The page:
India budget facing backlash over deep cuts to flagship social security programmes

India’s finance minister Nirmala Sitharaman at the finance ministry presenting the annual budget last week  (AFP/Getty)
India’s finance minister Nirmala Sitharaman at the finance ministry presenting the annual budget last week (AFP/Getty)

India’s federal budget has attracted sharp criticism from opposition parties and civil society groups over spending cuts to key social security programmes feeding and employing the poor, as the country battles rising inequality.

Finance minister Nirmala Sitharaman on Wednesday presented the last full budget of prime minister Narendra Modi’s second term ahead of general elections next year, setting total spending at Rs 45 trillion (£454bn).

With this expenditure 7.5 per cent higher than in the current financial year, the government aims to boost economic growth and thereby reduce the fiscal deficit to 5.9 per cent of GDP, compared to 6.4 per cent for this year.

The deficit plan will be aided by a significant drop in the funds allocated to the flagship federal food security policy that feeds 800 million people in the country.

That is not the only social security programme seeing a sharp budget slash. Spending will also be cut in the rural jobs guarantee programme, which provides a minimum of 100 days of employment to more than 150 million Indians.

The food subsidy, provided through a targeted public distribution system, will see its budget slashed by 32 per cent as the government proposes reducing spending from an estimated Rs 2.87 trillion this year to Rs 1.97 trillion in the new fiscal year starting 1 April.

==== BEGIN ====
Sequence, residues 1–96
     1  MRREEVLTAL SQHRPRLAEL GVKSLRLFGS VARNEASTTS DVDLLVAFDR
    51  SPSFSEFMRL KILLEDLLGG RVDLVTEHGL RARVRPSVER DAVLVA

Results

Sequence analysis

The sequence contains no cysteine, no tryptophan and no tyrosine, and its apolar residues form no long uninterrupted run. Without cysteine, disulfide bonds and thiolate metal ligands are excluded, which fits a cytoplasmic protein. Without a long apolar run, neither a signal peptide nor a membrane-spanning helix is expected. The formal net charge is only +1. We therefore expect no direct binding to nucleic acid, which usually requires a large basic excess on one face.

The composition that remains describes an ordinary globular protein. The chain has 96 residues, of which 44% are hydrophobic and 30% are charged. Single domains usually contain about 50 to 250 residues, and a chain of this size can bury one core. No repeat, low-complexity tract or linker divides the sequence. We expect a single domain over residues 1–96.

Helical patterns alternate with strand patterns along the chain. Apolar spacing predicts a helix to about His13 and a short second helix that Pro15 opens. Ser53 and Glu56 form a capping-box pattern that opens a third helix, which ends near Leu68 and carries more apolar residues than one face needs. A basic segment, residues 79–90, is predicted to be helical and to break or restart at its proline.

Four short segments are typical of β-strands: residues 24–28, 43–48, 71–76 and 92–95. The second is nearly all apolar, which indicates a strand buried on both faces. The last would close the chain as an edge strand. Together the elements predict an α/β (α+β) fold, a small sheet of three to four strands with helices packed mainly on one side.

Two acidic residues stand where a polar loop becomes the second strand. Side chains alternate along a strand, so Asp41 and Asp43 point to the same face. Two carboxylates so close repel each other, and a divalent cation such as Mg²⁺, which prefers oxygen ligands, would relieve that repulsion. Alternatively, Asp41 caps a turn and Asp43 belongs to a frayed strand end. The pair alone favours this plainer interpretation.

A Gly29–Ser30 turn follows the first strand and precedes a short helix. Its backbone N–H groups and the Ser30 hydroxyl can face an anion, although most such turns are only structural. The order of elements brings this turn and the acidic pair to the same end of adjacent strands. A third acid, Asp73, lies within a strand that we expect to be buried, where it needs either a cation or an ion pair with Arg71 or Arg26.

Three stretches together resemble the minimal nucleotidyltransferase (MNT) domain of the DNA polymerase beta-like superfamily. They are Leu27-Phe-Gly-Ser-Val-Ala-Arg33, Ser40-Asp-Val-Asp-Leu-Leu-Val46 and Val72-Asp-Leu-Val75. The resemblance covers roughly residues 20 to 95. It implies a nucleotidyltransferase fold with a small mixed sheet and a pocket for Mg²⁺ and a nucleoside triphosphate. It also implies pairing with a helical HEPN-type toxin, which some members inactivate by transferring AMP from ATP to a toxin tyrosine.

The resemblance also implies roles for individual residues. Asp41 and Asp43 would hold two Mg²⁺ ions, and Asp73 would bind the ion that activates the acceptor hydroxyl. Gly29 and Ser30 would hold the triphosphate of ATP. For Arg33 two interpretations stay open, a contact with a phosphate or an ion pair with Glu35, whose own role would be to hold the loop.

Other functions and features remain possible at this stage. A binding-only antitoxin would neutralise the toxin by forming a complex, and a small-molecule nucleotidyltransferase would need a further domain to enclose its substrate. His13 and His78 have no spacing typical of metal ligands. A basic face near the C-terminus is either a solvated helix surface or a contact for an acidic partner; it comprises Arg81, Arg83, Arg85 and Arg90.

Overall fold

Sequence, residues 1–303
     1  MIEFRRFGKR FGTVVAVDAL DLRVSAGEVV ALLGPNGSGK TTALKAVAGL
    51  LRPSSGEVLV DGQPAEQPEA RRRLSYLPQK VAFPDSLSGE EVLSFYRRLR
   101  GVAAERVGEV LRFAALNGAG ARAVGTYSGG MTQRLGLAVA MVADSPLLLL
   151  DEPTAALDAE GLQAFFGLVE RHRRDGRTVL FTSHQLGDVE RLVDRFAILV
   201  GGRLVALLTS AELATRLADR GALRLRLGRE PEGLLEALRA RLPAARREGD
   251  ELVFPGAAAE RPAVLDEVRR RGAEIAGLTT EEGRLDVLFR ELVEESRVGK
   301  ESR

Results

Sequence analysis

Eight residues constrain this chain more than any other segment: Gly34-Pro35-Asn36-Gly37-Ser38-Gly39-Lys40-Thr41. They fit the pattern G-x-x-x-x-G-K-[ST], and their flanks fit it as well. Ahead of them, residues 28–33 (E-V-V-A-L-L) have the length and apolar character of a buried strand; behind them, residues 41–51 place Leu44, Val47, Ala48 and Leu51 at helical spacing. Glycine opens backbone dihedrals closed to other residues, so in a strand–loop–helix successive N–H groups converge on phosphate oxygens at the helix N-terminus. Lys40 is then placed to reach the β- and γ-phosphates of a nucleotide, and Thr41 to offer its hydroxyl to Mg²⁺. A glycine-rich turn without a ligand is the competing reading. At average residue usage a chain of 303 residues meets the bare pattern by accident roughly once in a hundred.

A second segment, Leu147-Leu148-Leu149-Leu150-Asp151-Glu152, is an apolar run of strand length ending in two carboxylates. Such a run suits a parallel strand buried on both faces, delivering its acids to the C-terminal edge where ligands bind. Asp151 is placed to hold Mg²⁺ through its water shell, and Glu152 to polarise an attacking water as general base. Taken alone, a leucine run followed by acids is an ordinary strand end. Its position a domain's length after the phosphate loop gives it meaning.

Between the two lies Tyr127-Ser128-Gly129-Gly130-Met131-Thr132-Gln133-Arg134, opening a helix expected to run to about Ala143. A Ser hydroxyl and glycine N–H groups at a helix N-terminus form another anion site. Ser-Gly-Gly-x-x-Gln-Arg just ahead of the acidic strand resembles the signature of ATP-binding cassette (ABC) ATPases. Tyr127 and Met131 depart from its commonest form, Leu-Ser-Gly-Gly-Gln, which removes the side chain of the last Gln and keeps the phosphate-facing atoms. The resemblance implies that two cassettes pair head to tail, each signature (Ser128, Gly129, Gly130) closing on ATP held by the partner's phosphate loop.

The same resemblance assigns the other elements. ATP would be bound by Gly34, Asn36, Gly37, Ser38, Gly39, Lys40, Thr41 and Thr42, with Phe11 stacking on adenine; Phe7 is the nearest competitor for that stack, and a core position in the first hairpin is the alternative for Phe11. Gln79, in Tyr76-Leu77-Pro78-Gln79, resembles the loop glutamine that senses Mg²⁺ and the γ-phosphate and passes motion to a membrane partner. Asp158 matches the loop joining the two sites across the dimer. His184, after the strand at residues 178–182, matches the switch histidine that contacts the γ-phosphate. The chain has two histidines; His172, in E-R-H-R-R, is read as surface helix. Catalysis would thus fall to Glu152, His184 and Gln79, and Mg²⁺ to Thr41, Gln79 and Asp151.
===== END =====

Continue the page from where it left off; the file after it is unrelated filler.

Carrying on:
Labours push a cart loaded with sealed sacks of spices in Kolkata (AFP/Getty)
Labours push a cart loaded with sealed sacks of spices in Kolkata (AFP/Getty)

The budget for the Mahatma Gandhi National Rural Employment Guarantee Act (MGNREGA) has been cut by 30 per cent. The finance minister proposes reducing funding from Rs 8.95 trillion to Rs 6 trillion – the lowest in more than five years.

While Modi’s ruling Bharatiya Janata Party (BJP) hailed the budget as an important step towards all-inclusive growth, activists and opposition politicians said it failed to address the needs of the poor and rising unemployment in the country.

“It is a miserable budget in terms of equitable growth,” says social activist Nikhil Dey. “While growth in India has been better than most countries in the world, we have also increased our numbers of poor enormously,” he tells The Independent.

“We have the largest number of poor in the world and the largest number of poor were added to our ranks,” he says in reference to the impacts of Covid. “The policy measures that helped the segment at the bottom during the Covid-19 pandemic are MGNREGA and food subsidies.”

A worker carries a sack of garlic as he crosses an alley (AFP/Getty)
A worker carries a sack of garlic as he crosses an alley (AFP/Getty)

According to the activist group People’s Action for Employment Guarantee (PAEG), despite already being underfunded the programme played a crucial role in compensating income losses during the pandemic, which averaged up to 80 per cent in some regions.

But there were still many gaps, the group said, with survey results indicating up to 39 per cent of eligible households did not get a single day of work under the scheme, highlighting the need for higher budget allocation.

The rural employment programme is being “squeezed from all sides”, says Congress spokesperson Pawan Khera. “According to [MGNREGA], 100 days of work is guaranteed, but under the Modi government people are only getting an average 42 days of work. And even if they get that work, states are not being paid the pending wages on time.